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• being taken seriously by family, friends and professionals • having one’s own suspicions ‘officially’ verified. The decision to seek a diagnosis is a personal one and should be considered carefully, perhaps in discussion with others. It is also worth doing some research on what options and services will be available in the local area, as this can vary greatly. Improvements in availability and consistency of adult diagnostic services is badly needed to ensure that individuals have faith in the diagnosis that they receive, and also that they are guaranteed some follow-up support after it is made. After the diagnosis, there is often the natural expectation that some on-going support will follow. Unfortunately, this is often not the case, as adult, specialist AS support is rare (in the UK). The most prolific source of information on AS in adulthood is the internet, with its numerous resources, groups and forums where individuals, family members and professionals are able to learn about themselves and each other. There are some funded services, but these are financially stretched and may have waiting lists. There is also some private provision in the form of counselling or coaching support, but this can be costly. It was only four months since I had first made the connection between myself and Asperger Syndrome, and I was still very keen to do as much research into the condition whilst in rehab as I possibly could. Luckily, the main therapeutic room also had a computer with internet access for the residents, and this allowed me to delve more deeply into the condition. The more research I did, the more excited I became, as I recognized myself in much of what I read. I began to get a picture of myself as someone with a different way of thinking, not simply someone who was sometimes stupid and sometimes smart, but never sure exactly how I was going to be in any given situation. The anger which was always just below the surface, and which had caused me so many problems in my relationships, was described there. The love of routine, watching the same films, reading the same books many times in a row, which had before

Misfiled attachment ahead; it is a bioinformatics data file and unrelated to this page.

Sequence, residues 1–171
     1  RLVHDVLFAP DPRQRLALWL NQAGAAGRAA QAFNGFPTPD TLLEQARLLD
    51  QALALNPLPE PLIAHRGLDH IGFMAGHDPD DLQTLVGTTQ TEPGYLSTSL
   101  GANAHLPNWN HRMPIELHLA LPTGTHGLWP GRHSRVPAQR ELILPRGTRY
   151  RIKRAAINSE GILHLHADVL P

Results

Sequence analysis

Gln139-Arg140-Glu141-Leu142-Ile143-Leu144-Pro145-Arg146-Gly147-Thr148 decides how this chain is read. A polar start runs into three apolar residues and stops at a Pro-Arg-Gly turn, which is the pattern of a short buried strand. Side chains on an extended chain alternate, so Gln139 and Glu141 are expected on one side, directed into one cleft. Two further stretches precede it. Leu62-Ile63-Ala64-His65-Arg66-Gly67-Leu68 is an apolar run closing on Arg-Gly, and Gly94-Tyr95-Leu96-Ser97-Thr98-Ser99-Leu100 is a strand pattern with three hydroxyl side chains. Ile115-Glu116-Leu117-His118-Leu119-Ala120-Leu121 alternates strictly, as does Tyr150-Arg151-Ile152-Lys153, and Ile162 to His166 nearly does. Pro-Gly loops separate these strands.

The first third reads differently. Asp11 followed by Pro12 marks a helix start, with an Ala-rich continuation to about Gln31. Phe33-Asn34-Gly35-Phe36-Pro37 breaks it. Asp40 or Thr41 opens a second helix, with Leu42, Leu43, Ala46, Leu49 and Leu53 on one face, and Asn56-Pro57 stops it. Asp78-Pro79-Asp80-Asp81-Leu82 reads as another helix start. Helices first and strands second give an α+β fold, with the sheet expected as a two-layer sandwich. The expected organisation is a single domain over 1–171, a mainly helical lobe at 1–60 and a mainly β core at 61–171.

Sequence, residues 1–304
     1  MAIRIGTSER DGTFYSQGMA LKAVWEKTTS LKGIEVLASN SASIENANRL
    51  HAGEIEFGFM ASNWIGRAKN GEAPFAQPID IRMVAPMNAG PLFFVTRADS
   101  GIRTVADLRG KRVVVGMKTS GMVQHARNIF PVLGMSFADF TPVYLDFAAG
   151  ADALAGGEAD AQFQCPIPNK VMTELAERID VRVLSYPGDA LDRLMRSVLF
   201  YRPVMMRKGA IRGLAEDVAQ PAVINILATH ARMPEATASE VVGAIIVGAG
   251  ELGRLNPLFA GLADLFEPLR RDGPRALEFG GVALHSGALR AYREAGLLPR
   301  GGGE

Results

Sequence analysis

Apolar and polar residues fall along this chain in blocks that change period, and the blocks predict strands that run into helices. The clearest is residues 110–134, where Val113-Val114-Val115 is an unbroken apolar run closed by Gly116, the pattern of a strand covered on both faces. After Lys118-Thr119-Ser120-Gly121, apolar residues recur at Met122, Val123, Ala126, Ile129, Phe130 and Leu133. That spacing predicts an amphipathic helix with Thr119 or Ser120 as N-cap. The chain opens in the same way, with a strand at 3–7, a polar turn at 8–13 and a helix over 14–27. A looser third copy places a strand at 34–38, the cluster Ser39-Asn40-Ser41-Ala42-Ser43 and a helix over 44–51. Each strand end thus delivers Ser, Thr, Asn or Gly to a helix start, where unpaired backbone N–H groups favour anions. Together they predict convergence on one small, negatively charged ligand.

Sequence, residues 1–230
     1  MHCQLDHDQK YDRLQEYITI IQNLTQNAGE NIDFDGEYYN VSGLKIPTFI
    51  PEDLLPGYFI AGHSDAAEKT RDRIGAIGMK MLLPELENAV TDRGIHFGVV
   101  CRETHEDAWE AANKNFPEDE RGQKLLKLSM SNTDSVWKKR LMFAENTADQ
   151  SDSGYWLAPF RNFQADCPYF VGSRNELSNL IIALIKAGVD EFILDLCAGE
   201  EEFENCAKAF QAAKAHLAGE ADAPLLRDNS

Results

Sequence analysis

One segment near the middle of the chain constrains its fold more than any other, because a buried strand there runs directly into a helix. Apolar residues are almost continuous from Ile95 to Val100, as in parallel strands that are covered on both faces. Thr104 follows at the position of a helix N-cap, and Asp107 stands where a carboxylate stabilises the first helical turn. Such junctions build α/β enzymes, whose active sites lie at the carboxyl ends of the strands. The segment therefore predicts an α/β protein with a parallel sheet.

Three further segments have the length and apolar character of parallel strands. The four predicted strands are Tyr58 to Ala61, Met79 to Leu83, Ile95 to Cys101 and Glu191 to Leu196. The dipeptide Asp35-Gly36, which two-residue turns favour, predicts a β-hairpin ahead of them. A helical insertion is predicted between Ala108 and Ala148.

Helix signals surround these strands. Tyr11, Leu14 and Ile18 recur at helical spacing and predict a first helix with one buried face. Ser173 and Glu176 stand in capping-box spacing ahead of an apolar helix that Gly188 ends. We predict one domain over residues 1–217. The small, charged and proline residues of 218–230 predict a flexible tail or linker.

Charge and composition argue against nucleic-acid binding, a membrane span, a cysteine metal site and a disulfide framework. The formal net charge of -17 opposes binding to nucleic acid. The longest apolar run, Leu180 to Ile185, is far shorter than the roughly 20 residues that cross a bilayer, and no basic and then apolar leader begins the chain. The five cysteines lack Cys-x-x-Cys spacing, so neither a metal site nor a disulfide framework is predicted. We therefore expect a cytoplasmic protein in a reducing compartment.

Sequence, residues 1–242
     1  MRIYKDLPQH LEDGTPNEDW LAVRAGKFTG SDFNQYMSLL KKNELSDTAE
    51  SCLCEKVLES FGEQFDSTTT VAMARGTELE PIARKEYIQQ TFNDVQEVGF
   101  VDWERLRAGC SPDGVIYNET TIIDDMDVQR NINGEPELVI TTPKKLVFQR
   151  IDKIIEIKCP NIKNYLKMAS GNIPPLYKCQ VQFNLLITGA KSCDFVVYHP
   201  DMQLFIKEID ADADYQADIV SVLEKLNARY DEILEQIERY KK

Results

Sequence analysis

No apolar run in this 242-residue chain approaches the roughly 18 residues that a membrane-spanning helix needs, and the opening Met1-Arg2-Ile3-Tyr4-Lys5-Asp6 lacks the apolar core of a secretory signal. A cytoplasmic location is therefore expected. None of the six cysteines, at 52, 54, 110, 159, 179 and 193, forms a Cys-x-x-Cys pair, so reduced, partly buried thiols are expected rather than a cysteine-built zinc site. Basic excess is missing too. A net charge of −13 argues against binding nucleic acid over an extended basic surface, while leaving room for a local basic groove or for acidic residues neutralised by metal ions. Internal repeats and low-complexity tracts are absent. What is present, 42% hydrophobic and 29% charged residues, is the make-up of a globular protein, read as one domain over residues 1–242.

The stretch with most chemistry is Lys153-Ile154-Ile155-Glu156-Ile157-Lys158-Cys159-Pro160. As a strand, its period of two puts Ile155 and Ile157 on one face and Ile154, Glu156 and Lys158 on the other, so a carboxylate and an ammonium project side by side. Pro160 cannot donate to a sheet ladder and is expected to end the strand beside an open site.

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seemed inexplicable, now fitted a pattern. The phenomenal memory for the exact date of things that had been evident even in my childhood, and which I could neither explain nor justify when other, more important, information was not retained, again made sense. The total lack of common sense that had driven my father to distraction, and which had caused me much embarrassment in some of the jobs I had in the past, was part of the syndrome. I remember that the dread of anticipating any practical task to be done was one source of my anxiety, and now I understood the root cause. I had read a book by Maxine Aston, an Asperger Syndrome relationship expert, and contacted her through her website to arrange a consultation. My family supported me yet again by paying for this consultation. Her practice was a short train ride away, and this session was one of the most exhilarating experiences of my life. I chatted to her for around 45 minutes, and she said that it did seem very likely that I was mildly autistic. I remember thinking that finally I might have found an explanation for the difficulties that, while not always obvious to others, I carried around with me everywhere. Subsequent visits built up a more complete picture for me of the link between my experience and autism. One of the most striking revelations I had was when describing my reaction to seeing someone come along and perform a simple task, such as operating a piece of equipment, which I had been unable to do. Maxine Aston asked me to describe what I saw when people did this, and I distinctly recall the vision coming to me of a magic trick being performed: an illusion that I could not deciper. Encouraged by this confirmation of the belief in my condition, I contacted the Northamptonshire Society for Autism. They gave me the details of a local hospital unit I could approach if I sought a diagnosis of Asperger Syndrome. I was truly fortunate to have chosen a rehab in Northampton; this county has one of very few centres in the UK where adults on the Autistic Spectrum can hope to get a diagnosis of their condition. All I needed to do was ask my GP for a referral. I was blessed with a sympathetic doctor, which is not the case for